A bipartisan group of U.S. Senators on Thursday introduced a bill that would revive the dormant Glass-Steagall Act, which for decades separated the primary banking functions of holding depositors’ savings and making investments.
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The legislators, led by Senators Elizabeth Warren (D-MA) and John McCain (R-AZ), say repeal of the Glass-Steagall Act in 1999 played a significant role in ramping up the kind of excessive risk-taking by banks that led to the financial crisis of 2008.
In addition, the bill aims to reduce the size of so-called “too big to fail” banks which would in turn reduce the likelihood of future government bank bailouts.
The Senate bill would draw a line between traditional banks that hold customers’ savings and checking accounts and are insured by the Federal Deposit Insurance Corporation and “riskier financial institutions that offer services such as investment banking, insurance, swaps dealing, and hedge fund and private equity activities,” the legislators said in a statement.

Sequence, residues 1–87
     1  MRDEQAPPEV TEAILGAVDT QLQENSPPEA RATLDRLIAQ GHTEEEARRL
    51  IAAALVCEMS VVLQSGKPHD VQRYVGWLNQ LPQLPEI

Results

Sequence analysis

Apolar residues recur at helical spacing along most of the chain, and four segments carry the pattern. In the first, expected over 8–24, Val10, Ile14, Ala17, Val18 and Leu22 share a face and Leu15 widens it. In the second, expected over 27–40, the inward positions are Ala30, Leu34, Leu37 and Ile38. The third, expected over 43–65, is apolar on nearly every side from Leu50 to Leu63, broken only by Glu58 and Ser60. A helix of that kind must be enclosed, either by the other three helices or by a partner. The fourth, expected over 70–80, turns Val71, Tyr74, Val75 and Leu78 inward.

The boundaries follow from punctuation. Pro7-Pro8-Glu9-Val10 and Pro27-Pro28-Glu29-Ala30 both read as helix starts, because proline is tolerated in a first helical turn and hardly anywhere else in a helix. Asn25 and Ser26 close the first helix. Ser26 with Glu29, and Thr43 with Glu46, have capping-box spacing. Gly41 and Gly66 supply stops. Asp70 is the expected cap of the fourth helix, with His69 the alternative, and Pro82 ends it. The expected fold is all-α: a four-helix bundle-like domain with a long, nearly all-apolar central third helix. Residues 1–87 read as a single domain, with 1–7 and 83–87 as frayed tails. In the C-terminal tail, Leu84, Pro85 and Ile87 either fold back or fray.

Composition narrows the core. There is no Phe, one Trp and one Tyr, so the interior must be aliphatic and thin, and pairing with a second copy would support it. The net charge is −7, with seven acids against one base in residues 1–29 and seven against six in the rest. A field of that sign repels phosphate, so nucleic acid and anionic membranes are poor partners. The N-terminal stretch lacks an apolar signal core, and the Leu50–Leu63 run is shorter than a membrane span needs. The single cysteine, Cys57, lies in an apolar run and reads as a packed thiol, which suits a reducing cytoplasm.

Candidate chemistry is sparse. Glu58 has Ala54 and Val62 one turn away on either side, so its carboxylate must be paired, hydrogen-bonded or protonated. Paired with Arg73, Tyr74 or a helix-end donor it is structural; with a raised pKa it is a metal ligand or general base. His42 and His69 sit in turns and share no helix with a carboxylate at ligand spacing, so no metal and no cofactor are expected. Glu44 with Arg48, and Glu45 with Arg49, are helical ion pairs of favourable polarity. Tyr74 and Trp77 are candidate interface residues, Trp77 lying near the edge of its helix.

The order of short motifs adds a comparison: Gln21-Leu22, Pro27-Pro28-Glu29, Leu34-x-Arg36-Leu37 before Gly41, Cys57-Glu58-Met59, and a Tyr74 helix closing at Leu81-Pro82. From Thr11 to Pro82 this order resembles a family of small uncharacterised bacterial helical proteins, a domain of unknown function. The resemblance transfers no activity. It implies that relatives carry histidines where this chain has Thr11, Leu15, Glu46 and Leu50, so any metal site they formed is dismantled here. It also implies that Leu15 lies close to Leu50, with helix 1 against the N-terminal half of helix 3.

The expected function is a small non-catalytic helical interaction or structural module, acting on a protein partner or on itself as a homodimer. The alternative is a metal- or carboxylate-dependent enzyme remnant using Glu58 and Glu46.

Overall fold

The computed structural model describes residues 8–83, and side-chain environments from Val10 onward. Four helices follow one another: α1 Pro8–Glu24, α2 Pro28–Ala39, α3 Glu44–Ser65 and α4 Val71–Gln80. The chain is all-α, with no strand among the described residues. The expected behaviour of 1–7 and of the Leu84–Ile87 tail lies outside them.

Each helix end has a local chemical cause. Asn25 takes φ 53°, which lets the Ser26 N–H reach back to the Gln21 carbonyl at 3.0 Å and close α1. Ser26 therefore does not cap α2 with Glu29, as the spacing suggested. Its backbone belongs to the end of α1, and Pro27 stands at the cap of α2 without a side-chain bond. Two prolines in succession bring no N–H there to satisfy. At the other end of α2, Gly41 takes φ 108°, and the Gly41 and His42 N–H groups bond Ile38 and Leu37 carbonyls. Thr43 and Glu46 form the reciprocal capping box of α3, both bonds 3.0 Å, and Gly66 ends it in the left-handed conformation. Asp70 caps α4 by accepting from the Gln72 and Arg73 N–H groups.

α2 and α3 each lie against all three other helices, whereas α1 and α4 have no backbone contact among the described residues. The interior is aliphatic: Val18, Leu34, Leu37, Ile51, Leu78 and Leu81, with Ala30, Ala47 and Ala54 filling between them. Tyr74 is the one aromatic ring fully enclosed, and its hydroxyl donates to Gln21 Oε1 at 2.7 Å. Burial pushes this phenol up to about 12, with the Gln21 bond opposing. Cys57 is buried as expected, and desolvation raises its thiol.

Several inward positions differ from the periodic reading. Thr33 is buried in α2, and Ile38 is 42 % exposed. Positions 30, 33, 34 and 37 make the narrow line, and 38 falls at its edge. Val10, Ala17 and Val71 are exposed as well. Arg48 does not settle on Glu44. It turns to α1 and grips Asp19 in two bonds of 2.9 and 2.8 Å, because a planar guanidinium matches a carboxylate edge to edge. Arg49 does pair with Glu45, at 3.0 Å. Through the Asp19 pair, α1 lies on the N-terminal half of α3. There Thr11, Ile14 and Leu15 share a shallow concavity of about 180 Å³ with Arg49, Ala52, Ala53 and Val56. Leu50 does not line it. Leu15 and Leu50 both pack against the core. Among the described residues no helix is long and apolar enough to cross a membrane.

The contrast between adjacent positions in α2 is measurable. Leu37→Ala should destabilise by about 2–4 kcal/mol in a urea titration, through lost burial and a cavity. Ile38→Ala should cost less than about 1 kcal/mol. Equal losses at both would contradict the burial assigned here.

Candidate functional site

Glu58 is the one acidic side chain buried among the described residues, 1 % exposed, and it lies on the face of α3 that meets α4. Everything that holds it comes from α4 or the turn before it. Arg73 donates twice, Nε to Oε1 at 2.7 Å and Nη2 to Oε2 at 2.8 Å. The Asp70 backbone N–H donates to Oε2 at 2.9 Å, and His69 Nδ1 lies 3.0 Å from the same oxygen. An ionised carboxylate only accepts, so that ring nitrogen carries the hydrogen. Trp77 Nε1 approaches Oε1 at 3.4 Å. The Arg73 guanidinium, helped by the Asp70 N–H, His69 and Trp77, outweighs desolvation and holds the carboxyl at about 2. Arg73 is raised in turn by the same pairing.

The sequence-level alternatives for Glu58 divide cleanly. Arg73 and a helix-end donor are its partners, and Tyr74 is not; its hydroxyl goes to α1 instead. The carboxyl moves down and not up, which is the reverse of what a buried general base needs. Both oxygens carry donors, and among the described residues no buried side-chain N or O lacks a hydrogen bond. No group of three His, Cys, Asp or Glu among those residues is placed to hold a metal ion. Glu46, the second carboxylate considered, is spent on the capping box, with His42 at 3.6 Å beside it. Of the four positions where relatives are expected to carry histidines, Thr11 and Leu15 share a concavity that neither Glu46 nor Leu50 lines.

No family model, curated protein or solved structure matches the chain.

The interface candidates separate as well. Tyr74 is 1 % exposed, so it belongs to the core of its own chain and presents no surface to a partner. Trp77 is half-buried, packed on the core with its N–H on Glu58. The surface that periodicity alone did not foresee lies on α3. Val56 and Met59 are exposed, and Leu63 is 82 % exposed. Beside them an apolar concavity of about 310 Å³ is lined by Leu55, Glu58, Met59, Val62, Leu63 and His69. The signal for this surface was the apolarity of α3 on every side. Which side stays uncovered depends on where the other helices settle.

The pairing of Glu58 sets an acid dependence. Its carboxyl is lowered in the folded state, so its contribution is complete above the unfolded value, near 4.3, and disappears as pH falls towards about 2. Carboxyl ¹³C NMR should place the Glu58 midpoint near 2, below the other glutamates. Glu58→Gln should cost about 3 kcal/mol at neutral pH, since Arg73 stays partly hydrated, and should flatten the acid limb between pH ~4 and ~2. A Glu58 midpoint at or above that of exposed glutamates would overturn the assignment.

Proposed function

“Big Wall Street institutions should be free to engage in transactions with significant risk, but not with federally insured deposits. If enacted, the 21st Century Glass-Steagall Act would not end Too-Big-to-Fail. But, it would rebuild the wall between commercial and investment banking that was in place for over 60 years, restore confidence in the system, and reduce risk for the American taxpayer,” McCain said in a statement.
Warren noted that the four largest U.S. banks – JPMorgan Chase (NYSE:JPM), Bank of America (NYSE:BAC), Citigroup (NYSE:C) and Wells Fargo (NYSE:WFC) – are 30% larger now than at the beginning of the financial crisis five years ago.
"Despite the progress we've made since 2008, the biggest banks continue to threaten the economy," Warren said.
A fact sheet describing the legislation said banks would be given five years to separate out traditional banking activities, such as offering savings accounts, from investment banking and broker-dealer activities.
The original Glass-Steagall legislation, introduced during the height of the Great Depression, separated depository banks from investment banks in an effort to divide the riskier activities of investment banks from the core depository functions that help consumers save. Significant portions of the bill were repealed in 1999 as the government sought to deregulate the banking sector.